Researchers at Colorado University (CU) Boulder have developed a new, low-cost wearable device that transforms the human body into a biological battery. The device is stretchy enough that it can be worn like a ring, a bracelet or any accessory that touches the skin. The device taps into a person’s natural heat, employing thermoelectric generators to convert the body’s internal temperature into electricity.
“In the future, we want to be able to power your wearable electronics without having to include a battery,” said Jianliang Xiao, senior author of the paper and an associate professor in the Paul M. Rady Dept. of Mechanical Engineering.
The device can generate about 1 volt of energy for every square centimeter of skin space. This is less voltage per area than most existing batteries can provide, but it is enough to power small wearable electronics, such as a watch or fitness tracker. What makes this device different from previously developed thermoelectric wearable devices, is that it’s stretchy, can heal itself when damaged and is fully recyclable.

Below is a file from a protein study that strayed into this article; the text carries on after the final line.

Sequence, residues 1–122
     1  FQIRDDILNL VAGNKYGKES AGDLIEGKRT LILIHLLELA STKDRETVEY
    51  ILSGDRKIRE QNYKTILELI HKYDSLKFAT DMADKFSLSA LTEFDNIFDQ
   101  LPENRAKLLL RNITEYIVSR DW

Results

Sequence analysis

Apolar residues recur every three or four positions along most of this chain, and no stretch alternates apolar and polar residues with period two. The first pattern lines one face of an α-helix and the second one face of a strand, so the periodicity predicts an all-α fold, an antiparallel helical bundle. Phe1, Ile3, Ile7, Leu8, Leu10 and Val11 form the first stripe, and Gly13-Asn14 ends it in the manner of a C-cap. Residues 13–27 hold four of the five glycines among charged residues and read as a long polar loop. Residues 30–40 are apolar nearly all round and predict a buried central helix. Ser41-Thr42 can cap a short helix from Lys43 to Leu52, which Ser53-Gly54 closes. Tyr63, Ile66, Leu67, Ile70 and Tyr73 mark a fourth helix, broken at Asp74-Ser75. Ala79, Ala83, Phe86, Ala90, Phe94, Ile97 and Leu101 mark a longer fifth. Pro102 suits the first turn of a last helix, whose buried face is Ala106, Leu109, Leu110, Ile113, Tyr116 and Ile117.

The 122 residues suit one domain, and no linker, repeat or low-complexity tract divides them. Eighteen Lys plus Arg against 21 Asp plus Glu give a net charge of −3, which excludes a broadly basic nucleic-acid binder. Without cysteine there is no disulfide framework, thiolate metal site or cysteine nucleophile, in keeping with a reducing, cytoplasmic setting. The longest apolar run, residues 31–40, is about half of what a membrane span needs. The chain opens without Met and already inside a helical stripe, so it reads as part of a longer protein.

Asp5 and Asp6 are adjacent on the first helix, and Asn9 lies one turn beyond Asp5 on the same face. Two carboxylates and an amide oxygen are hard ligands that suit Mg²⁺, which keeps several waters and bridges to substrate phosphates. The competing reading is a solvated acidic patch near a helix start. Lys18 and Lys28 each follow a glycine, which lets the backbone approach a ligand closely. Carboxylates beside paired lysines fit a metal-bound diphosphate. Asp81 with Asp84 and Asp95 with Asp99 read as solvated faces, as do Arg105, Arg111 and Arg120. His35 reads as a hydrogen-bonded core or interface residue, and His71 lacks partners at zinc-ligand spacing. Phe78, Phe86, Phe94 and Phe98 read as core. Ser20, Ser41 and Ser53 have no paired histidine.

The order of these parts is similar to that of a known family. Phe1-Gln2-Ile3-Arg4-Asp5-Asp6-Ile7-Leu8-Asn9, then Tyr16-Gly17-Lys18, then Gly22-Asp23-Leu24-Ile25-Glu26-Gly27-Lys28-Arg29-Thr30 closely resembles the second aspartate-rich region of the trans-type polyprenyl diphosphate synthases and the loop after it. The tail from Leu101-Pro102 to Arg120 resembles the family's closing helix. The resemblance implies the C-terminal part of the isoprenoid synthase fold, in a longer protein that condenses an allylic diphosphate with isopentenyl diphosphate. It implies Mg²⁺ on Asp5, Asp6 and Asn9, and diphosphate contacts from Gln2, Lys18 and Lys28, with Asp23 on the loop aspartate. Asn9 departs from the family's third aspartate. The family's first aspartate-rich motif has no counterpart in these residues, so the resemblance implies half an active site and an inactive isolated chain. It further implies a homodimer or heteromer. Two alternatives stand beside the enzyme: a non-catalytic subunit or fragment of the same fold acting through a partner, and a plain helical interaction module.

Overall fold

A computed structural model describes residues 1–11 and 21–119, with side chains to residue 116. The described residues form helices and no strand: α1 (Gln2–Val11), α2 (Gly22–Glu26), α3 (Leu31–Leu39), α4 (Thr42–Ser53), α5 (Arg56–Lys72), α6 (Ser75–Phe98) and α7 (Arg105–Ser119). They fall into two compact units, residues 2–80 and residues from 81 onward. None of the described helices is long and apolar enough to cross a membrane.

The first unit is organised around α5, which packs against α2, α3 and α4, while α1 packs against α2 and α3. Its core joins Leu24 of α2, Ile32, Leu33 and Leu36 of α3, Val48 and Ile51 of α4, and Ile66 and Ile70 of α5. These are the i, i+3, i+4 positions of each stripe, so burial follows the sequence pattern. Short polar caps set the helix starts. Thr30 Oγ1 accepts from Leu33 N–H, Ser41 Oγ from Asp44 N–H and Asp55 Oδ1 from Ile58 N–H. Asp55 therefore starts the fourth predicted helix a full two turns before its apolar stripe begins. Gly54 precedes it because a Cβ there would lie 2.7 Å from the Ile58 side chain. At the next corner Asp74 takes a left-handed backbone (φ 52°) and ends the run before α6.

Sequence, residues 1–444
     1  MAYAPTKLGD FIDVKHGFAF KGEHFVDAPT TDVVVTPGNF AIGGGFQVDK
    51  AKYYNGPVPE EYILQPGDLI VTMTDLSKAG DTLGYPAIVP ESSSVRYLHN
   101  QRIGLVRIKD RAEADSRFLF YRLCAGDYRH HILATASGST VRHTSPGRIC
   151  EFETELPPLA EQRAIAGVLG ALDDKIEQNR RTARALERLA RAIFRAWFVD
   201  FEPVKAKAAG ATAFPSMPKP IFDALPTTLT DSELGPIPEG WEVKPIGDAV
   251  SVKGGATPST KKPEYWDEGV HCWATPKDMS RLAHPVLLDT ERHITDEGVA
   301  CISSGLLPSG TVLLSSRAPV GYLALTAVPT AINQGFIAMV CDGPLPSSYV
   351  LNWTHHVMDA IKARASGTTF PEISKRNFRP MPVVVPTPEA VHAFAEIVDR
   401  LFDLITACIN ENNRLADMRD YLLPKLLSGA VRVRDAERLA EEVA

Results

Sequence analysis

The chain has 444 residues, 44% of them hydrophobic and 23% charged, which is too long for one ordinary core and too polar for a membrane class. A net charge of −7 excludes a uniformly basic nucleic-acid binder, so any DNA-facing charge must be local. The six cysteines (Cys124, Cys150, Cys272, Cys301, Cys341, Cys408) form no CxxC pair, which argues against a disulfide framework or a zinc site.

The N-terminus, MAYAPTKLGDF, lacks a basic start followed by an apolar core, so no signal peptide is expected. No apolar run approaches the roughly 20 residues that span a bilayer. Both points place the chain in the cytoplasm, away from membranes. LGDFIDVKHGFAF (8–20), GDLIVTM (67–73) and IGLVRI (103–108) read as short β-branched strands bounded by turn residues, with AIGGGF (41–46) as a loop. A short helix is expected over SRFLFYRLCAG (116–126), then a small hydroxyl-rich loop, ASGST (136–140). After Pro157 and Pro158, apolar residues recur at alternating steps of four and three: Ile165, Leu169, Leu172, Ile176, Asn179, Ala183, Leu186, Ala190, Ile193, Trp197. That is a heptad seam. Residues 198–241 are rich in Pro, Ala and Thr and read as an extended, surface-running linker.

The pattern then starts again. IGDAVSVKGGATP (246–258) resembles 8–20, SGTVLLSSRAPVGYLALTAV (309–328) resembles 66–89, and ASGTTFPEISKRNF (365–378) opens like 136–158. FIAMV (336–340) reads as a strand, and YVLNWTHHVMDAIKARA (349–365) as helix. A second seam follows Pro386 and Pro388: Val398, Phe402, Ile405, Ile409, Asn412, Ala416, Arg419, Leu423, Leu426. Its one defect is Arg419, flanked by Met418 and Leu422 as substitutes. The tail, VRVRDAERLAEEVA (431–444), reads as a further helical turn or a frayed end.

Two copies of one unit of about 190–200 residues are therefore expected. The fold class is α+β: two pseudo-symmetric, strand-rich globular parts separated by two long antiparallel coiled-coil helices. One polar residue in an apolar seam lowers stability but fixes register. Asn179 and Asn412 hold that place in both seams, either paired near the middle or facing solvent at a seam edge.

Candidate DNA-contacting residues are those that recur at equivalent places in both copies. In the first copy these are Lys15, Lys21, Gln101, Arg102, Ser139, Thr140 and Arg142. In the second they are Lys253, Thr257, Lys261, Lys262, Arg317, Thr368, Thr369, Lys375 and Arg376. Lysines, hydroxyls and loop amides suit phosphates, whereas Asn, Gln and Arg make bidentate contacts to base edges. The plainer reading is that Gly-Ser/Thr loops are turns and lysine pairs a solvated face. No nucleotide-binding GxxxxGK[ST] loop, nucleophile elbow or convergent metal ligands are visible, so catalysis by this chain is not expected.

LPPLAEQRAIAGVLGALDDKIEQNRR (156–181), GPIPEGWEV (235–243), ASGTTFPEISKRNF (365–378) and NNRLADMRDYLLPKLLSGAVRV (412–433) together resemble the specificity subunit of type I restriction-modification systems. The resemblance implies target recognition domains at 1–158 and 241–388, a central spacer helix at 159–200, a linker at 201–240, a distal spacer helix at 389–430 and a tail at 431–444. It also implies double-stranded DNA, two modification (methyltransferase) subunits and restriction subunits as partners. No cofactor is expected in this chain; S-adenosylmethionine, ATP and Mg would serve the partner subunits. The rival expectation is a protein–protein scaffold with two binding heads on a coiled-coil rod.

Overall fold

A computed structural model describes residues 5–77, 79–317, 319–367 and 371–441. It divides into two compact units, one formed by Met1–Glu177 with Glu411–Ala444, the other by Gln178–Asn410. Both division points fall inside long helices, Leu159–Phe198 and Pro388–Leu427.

Power can be boosted by adding in more blocks of generators, similar to building with Lego toys. The researchers have calculated that a person taking a brisk walk could use a device the size of a typical sports wristband to generate about 5 volts of electricity, which is more than the power in many watch batteries.
The new devices are also as resilient as biological tissue. If your device tears, for example, you can pinch together the broken ends, and they’ll seal back up in just a few minutes. And when you’re done with the device, you can dunk it into a special solution that will separate out the electronic components and dissolve the polyimine base, so that each of the ingredients can be reused.
Coauthors on the new paper include researchers from China’s Harbin Institute of Technology, Southeast University, Zhejiang University, Tongji University and Huazhong University of Science and Technology.